Pope’s role in Cuba deal fractures Cuban-American flock
Miami — The key role Pope Francis played encouraging talks between Presidents Barack Obama and Raul Castro left fractures among his flock in South Florida, where many older Roman Catholics equate the Castro brothers with the devil.
Many Catholics worldwide have expressed pride in seeing Francis stirring hopes of progress in communist Cuba, but some Cuban-Americans say their spiritual leader betrayed them.
“I’m still Catholic till the day I die,” said Efrain Rivas, a 53-year-old maintenance man in Miami who was a political prisoner in Cuba for 16 years. “But I am a Catholic without a pope.”
Rivas said he cried when Obama surprisingly announced a reversal of a half-century’s efforts to isolate Cuba. Then, when he learned of Francis’ role, he got angry.
Miami Archbishop Thomas Wenski acknowledged that some Catholics are “concerned or suspicious,” but said many more exiles welcome the breakthrough, despite their suffering.
“The pain is real, but you can’t build a future on top of resentments,” Wenski told The Associated Press in an interview.
The Vatican has been reaching out to Cuba at least since Pope John Paul II, who declared during his historic 1998 visit to the island, “May Cuba, with all its magnificent potential, open itself up to the world, and may the world open itself up to Cuba.” Discussions continued under Pope Benedict XVI, who visited Cuba in 2012. And Francis, the first Latin American pope, has advocated for an end to the U.S. embargo since participating in John Paul’s visit to Cuba as the soon-to-be-named Cardinal of Buenos Aires.
Cuban Cardinal Jaime Ortega, who is close to Francis, set up the papal visits and has been decisive in improving ties between the church and the officially atheist state since becoming Havana archbishop in 1981. This frustrates some older Catholics who wanted the church to use its unique position inside Cuba to take a harder line.
“The church is contaminated,” said Miguel Saavedra, a 57-year-old Miami mechanic who leads an anti-Castro group and wears a gold cross as a sign of his Catholic faith.
Exiles incensed by the diplomacy openly wonder: Was Francis strong-armed by President Barack Obama? Does he understand how terrible the Castro brothers are? Was he perhaps making a foolhardy bid to cement his change-making image?
“I don’t know what the pope was thinking,” said Jose Sanchez-Gronlier, a 53-year-old lawyer who said he was persecuted for his faith until leaving Cuba as a teenager, and will never forget watching the government seize a convent near his childhood home. “I see a certain naivete in the pope,” he said.
Sen. Marco Rubio, a Cuban-American from Florida who has led the Republicans’ criticism of Obama’s executive actions on Cuba, also took a swipe at the pope, telling reporters in Washington that he would “ask His Holiness to take up the cause of freedom and democracy.”
All this is familiar territory for Francis, who has spent a lifetime navigating the after-effects of the Cold War in Latin America. In his writings before becoming pope, the Argentine church leader criticized Cuban state authoritarianism as well as the U.S. embargo, and called on both sides to talk out their differences. As pope, he wrote to both Obama and Castro suggesting that a thaw could begin by releasing prisoners.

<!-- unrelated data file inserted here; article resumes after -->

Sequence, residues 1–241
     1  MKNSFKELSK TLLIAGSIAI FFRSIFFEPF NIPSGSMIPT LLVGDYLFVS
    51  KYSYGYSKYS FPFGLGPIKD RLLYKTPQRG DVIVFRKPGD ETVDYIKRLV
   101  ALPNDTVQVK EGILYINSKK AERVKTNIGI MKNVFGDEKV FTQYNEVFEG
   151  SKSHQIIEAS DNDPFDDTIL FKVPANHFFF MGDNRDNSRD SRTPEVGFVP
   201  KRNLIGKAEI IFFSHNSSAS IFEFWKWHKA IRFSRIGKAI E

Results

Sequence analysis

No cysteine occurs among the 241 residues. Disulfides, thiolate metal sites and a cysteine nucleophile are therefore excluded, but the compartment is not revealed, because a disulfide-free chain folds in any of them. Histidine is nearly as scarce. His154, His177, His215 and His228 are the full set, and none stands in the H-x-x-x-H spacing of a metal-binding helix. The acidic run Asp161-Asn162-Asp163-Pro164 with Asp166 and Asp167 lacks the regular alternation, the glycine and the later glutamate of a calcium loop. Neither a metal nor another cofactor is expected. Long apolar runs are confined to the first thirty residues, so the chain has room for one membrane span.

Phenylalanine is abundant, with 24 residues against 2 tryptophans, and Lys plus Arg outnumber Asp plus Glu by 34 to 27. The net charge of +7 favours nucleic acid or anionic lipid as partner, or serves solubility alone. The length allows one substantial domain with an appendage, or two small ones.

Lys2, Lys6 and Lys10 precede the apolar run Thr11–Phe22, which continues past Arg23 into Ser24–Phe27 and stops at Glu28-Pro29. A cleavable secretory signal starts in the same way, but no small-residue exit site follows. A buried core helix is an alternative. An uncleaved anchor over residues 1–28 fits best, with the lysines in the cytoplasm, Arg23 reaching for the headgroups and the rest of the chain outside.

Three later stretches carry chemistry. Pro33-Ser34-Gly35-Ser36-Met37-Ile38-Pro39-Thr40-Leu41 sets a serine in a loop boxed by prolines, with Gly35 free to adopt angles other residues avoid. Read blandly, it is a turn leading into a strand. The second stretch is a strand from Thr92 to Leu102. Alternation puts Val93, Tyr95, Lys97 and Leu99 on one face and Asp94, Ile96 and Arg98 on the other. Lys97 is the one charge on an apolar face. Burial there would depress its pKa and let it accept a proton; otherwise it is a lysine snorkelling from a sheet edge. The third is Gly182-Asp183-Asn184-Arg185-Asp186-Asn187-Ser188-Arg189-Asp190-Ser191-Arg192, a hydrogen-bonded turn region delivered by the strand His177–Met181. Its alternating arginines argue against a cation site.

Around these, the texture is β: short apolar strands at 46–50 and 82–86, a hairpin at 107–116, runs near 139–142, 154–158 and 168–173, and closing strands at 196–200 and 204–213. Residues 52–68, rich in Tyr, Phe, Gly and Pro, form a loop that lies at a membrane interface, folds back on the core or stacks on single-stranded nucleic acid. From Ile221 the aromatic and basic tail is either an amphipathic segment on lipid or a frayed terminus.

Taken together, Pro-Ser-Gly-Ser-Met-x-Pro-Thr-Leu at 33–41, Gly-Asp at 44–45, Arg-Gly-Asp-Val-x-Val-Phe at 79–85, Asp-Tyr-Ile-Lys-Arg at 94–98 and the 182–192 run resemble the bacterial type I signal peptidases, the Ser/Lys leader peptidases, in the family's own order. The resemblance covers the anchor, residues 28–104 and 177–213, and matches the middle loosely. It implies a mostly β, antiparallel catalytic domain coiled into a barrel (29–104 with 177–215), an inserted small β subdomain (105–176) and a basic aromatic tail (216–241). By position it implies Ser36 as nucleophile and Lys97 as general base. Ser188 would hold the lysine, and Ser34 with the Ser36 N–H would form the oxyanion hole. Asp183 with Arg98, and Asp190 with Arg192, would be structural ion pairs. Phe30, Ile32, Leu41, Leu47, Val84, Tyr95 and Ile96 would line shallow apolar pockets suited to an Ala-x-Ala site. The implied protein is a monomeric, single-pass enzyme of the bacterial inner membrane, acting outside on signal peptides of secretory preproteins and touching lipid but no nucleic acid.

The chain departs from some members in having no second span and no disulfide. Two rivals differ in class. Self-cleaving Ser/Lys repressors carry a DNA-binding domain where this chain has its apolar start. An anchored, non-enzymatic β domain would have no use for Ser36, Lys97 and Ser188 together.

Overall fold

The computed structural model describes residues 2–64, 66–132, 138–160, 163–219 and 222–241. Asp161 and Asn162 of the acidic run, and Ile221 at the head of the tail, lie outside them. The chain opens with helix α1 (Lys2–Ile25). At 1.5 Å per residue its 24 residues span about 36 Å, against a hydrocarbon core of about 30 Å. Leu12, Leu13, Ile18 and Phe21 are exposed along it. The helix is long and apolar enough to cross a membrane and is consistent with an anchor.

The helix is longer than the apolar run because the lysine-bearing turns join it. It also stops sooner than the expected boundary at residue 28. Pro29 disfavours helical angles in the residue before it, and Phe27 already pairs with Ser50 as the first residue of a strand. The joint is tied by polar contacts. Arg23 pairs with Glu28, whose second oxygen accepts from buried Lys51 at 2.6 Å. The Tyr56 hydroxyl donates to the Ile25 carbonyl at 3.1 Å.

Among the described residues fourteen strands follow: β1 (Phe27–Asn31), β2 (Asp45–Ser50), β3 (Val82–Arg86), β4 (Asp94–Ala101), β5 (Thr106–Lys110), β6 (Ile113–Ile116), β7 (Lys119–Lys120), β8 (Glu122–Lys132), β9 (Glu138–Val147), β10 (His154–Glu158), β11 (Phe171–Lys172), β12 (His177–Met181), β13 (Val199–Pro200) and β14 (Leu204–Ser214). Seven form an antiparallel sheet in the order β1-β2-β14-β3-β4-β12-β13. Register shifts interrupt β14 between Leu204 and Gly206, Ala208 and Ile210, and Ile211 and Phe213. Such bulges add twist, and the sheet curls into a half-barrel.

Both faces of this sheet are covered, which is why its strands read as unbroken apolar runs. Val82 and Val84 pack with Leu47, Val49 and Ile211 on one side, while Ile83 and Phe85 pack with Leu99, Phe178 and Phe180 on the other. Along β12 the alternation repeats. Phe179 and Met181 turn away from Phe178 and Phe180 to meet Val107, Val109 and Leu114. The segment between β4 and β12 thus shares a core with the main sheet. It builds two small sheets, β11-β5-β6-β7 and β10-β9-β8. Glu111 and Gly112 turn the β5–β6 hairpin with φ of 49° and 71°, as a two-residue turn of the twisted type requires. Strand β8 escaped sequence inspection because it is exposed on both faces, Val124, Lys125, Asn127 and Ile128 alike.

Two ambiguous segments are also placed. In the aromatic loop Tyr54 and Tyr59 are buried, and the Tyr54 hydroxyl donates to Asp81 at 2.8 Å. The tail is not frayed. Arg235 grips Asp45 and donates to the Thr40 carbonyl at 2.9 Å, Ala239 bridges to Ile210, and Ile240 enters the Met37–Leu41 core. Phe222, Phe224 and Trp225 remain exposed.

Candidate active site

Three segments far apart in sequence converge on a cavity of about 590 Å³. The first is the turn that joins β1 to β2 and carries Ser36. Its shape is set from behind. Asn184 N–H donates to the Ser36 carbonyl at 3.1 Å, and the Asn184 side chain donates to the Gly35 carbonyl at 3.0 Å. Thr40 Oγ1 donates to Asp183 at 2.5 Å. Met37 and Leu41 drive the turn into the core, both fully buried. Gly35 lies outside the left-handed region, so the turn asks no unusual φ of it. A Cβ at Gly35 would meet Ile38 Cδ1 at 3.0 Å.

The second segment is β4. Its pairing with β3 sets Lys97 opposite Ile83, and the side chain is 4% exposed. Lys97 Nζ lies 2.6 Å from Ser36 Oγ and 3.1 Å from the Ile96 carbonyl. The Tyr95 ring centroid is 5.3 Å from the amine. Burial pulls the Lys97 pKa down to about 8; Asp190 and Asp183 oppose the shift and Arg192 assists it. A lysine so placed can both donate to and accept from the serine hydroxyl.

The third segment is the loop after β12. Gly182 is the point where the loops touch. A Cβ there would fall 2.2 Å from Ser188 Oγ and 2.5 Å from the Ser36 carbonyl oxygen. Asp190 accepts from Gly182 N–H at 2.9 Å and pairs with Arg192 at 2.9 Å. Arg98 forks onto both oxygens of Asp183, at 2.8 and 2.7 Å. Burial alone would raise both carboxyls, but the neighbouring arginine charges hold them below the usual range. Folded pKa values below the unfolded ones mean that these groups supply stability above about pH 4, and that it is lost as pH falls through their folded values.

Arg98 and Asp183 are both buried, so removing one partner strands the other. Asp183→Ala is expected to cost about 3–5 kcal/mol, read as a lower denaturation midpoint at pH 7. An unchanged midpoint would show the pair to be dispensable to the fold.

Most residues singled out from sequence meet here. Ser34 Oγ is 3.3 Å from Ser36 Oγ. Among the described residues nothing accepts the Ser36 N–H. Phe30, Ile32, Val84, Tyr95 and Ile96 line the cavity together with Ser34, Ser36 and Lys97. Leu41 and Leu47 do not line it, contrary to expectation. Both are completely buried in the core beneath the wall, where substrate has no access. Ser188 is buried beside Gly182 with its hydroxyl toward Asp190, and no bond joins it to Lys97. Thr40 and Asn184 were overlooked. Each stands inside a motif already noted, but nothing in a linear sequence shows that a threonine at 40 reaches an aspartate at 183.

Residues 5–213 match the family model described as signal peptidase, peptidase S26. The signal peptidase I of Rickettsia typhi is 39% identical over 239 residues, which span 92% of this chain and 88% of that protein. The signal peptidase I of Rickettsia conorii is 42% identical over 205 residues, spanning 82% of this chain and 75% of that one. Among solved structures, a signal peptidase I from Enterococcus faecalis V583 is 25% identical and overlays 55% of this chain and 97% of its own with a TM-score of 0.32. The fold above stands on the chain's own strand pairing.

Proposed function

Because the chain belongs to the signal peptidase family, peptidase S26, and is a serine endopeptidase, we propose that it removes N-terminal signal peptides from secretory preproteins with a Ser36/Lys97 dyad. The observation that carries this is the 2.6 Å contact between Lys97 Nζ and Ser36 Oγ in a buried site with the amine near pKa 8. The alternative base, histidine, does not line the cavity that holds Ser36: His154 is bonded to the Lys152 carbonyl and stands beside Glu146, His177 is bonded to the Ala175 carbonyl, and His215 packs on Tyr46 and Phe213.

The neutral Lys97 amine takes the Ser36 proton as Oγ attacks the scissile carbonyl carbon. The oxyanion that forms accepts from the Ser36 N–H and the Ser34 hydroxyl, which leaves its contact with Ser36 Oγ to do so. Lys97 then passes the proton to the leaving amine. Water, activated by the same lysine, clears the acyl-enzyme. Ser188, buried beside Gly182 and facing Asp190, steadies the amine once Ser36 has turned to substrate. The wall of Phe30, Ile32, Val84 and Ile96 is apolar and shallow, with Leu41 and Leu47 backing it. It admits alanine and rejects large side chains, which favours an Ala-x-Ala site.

But Arturo Suarez-Ramos, a 50-year-old Miami waiter who was a political prisoner in Cuba for 27 years, said Francis is reaching for more headlines after insisting that homosexuals and divorced people are welcome in church.
“He’s trying to get a legacy at any price,” Suarez-Ramos said.
The Catholic Church remains the dominant religious force in Cuba, though attendance at Mass is low after decades of official atheism. It has long provided an alternative power center where at least some criticism of the government was possible. Its mediation role could be seen as a reason to trust the promises of change that both Obama and Castro made this week, but many remain wary.
Jay Fernandez, a retiree who left Cuba in 1961, said Francis acted like a beggar, taking whatever scraps of concessions the Cuban government offered.
“He wants to be everywhere, he wants to be liked by everyone,” Fernandez said. “That’s his job to be a peace guy, but it doesn’t accomplish a damn thing, especially in Cuba.”
U.S. bishops also have long called for an end to the embargo and for improved relations with Cuba. Engagement can do more than isolation to open up Cuban society and improve human rights and religious liberty, they said.
That message seemed to connect with some attending midday Mass at Ermita de la Caridad, a church dedicated to Cuba’s patron saint.
“This is the best thing that could have happened,” said Lucresia Leon, 70, who left Cuba during the 1980 Mariel boatlift, when 125,000 fled the island. She smiled widely, saying “Everything will be fixed.”
Draped in the bright purple vestments of Advent, the Rev. Juan Rumin Dominguez, who arrived from Cuba nine years ago, said accepting change is not a simple thing.
“It’s not easy, but the faithful people in these kinds of situations know to trust in God,” the priest said. “We are a faithful people. We have confidence because God has his plan.”
Historian Jesus Mendez, a Cuban exile who teaches at Barry University and has written about the Latin American church, said most Catholics will welcome the pope’s intervention as an effort to increase religious freedom on the island.
“He’s very concerned over the decline of Catholic fervor, primarily in Europe but also even in the United States and Canada, so of course he sees it important to have a high profile for the Catholic Church in Cuba,” Mendez said.